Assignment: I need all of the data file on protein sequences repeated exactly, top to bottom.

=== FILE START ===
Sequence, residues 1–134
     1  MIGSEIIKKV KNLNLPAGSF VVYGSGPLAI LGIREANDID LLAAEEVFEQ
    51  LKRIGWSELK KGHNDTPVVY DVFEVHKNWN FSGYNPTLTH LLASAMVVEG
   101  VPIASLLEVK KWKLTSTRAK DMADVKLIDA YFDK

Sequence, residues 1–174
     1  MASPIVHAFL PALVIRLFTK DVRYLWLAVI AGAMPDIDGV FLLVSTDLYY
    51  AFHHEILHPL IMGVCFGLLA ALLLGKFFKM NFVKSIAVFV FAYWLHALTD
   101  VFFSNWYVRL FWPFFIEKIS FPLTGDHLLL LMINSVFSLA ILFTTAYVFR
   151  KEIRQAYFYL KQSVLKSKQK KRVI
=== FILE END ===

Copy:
Sequence, residues 1–134
     1  MIGSEIIKKV KNLNLPAGSF VVYGSGPLAI LGIREANDID LLAAEEVFEQ
    51  LKRIGWSELK KGHNDTPVVY DVFEVHKNWN FSGYNPTLTH LLASAMVVEG
   101  VPIASLLEVK KWKLTSTRAK DMADVKLIDA YFDK

Sequence, residues 1–174
     1  MASPIVHAFL PALVIRLFTK DVRYLWLAVI AGAMPDIDGV FLLVSTDLYY
    51  AFHHEILHPL IMGVCFGLLA ALLLGKFFKM NFVKSIAVFV FAYWLHALTD
   101  VFFSNWYVRL FWPFFIEKIS FPLTGDHLLL LMINSVFSLA ILFTTAYVFR
   151  KEIRQAYFYL KQSVLKSKQK KRVI